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Come learn about Parmesan making in Italy according to Thomas Jefferson, the history of food conservation in WWI, how tofu was made in the 18th century, William Glackens’ recipe for beer, and more!
William Way LGBT Community Center
1315 Spruce Street, Philadelphia, PA
From 1953 until 1973, the Diagnostic and Statistical Manual of the American Psychiatric Association (APA) classified homosexuality as a mental disorder, a disease that doctors could treat. Gay activists like Barbara Gittings and Frank Kameny first challenged this medical definition of homosexuality as illness through actions such as petitions, lectures, and appearances on television talk shows. In 1970, they moved on to spontaneous demonstrations, or “zaps,” at the APA conference, and in subsequent years Gittings and Kameny became the first gay people to have a voice in official APA panel discussions.
Between 1972 and 1978, Gittings, Kameny, and Gittings’ partner Kay Lahusen created three informational display booths for national meetings of the APA. Portions of these confrontational booths, donated to the John J. Wilcox, Jr. Archives of the William Way LGBT Community Center by Kay Lahusen, have been restored and are presented together for the first time as part of an exhibit called “Gay Love on Display: Taking on the APA”
A fun, hands on workshop on how to assess, arrange, restore and archive your personal memorabilia, photos and objects.
Your story is important! This workshop, co-sponsored by the William Way Community Center, the Historical Society of Pennsylvania and the Conservation Center for Art and Historic Artifacts is open to anyone.You can bring in samples of the kinds of things that document your own life, your family and your community. We’ll give you tips on how to store that memorabilia, how to maintain it, repair it and handle it. We’ll even point you toward local libraries and archives that might be interested in accepting your treasures when you’re ready to give them up, or just can’t move them one more time.
The Heritage Center of The Union League of Philadelphia
140 South Broad Street, Philadelphia, PA 19102
Registration required; call Jes Rudderow at 215-587-5596 or firstname.lastname@example.org
Prohibition-themed walking tour led by Bob Skiba and pop-up exhibit. Begin at City Hall, end at the Heritage Center of the Union League of Philadelphia. Free snacks, cash bar (no bathtub gin). Sponsors: Heritage Center, William Way LGBT Center, MARAC-PA, PACSCL.
Tour is limited to 25 people and will be approximately one hour. Heritage Center portion of the event open to 50 people. Registration is required. Please contact Jes Russerow at 215-587-5596 or email@example.com to register or with any questions. More information (including the exact location to meet for the tour) will be emailed to attendees as the event approaches.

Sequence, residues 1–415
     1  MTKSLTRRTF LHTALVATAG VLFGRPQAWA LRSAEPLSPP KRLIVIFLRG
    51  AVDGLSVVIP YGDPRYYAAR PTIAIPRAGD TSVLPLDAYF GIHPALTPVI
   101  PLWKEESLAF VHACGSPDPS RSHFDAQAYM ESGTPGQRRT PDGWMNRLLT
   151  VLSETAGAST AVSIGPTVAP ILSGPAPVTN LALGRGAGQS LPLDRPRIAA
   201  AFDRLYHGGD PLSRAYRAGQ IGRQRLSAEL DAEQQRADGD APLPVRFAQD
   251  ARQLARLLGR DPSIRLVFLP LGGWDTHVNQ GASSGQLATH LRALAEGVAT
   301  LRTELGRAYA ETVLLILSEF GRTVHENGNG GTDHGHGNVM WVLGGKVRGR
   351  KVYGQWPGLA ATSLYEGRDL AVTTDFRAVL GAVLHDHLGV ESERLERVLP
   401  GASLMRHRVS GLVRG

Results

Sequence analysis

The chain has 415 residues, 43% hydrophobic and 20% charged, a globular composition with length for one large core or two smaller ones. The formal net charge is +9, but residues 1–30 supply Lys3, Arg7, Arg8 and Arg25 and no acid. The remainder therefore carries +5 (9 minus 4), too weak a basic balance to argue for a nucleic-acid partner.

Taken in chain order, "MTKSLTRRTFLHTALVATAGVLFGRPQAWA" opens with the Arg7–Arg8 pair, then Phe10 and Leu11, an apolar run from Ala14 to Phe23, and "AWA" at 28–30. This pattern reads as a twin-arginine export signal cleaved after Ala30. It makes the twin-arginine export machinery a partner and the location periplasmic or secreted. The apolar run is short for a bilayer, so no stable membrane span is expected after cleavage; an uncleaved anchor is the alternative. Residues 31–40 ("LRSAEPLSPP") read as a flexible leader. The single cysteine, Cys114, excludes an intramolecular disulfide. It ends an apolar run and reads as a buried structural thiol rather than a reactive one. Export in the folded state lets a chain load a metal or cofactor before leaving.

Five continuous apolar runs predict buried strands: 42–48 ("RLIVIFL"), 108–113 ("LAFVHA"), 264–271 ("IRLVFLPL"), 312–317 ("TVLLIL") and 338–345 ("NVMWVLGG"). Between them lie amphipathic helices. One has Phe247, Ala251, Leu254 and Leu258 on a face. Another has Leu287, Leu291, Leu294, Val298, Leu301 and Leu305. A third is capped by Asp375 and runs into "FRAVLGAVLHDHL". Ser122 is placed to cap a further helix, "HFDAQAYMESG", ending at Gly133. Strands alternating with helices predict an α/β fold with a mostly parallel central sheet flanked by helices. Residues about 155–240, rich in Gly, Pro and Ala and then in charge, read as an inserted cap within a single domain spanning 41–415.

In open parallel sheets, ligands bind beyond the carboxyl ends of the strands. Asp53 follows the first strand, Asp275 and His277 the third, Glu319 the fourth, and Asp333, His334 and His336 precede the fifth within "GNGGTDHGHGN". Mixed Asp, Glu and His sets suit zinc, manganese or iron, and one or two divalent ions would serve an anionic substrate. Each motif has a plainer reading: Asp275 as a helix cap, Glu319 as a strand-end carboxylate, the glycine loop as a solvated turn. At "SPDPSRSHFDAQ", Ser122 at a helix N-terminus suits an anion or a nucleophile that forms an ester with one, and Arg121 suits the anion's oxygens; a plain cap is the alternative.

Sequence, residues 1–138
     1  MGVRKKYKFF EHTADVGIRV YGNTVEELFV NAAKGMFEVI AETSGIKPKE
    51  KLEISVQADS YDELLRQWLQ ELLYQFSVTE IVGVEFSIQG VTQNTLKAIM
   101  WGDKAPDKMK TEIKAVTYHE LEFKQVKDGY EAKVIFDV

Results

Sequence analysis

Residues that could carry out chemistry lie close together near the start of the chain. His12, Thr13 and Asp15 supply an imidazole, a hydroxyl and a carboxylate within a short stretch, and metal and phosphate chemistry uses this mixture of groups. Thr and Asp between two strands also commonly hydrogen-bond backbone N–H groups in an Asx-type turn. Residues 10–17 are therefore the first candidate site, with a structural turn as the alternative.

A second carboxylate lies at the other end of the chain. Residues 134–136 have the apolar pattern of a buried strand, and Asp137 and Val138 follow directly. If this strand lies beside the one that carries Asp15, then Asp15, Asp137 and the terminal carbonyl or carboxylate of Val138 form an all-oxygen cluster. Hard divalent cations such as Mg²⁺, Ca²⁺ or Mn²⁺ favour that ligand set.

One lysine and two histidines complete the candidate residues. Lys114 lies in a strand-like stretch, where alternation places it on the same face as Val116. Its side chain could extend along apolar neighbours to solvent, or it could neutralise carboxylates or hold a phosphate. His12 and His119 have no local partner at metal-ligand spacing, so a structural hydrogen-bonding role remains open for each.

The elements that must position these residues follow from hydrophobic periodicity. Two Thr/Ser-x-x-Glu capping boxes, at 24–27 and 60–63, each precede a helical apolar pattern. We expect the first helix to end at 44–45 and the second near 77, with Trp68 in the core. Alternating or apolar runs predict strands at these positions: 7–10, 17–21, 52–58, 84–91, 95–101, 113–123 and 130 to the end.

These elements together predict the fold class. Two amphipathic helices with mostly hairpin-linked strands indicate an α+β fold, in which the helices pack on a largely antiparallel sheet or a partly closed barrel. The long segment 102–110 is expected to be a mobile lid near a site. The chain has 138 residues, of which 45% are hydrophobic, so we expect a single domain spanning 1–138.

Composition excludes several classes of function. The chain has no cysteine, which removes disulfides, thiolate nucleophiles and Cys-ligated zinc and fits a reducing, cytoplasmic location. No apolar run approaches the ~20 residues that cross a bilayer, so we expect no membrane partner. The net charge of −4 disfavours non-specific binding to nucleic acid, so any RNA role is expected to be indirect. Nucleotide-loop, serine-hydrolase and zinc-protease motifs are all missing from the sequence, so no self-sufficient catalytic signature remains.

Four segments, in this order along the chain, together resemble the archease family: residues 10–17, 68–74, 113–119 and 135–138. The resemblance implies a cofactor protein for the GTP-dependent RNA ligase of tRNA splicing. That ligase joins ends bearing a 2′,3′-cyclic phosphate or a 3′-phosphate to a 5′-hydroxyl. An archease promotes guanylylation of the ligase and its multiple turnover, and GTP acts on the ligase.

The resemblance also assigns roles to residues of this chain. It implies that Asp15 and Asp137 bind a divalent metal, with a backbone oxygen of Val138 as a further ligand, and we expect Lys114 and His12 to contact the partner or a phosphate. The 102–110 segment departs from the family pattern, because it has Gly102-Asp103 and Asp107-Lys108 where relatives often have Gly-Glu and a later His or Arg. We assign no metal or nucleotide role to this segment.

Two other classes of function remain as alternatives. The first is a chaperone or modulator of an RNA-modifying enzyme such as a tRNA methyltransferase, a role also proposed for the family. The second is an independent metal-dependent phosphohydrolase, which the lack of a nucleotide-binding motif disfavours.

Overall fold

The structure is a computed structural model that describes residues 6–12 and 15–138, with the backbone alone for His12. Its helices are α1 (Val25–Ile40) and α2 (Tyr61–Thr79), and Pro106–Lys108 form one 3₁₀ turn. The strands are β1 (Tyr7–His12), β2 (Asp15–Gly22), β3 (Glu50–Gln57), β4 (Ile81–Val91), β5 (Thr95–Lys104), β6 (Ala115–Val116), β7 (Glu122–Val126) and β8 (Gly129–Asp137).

Sponsors: The Heritage Center of The Union League of Philadlephia; The John J. Wilcox, Jr., Archives at the William Way LGBT Community Center; The Mid-Atlantic Regional Archives Conference Pennsylvania Caucus, and the Philadelphia Area Consortium for Special Collections Libraries.
Visit the Heritage Center website. Find them on Facebook and Twitter.
Visit The John J. Wilcox Jr. Archives at the William Way LGBT Community Center website. Find them on Facebook and Twitter.
Visit the Philadelphia Area Consortium for Special Collections Libraries website. Find them on Facebook and Twitter.
Visit the Mid-Atlantic Regional Archives Conference Pennsylvania Caucus website. Find them on Facebook.
Private Lives in Public Spaces: Bringing Philadlephia’s LGBT History Out in the Open
The John J Wilcox Jr LGBT Archives at the William Way Center and the Philadelphia History Museum
The Philadelphia History Museum, 15 S 7th St, Philadelphia PA
Public Hours: Tue – Sat 10:30 am to 4:30 pm, through October 25, 2013
The William Way LGBT Community Center (WWCC) will be displaying original artifacts from the John J. Wilcox, Jr. Archive’s, a program of the WWCC. Items range from correspondence to an LGBT community photo wall of faces and places from the 1950s through present day. Selected items include a personal scrap book featuring local flyers, matchbooks, and pictures of gay bars in the 1970s and 80s, a denim jacket adorned with pins and patches from local leather clubs and organizations, correspondence from the James Caulfield and Rafael Suarez collection documenting their life and travels together in the 1960s, clips from the Robert R. Rosenbaum Oral History Project, and panels describing the WWCC’s history. Its intention is to give the viewer a quick glimpse into what life was and is like for some LGBT individuals living in an oppressive society.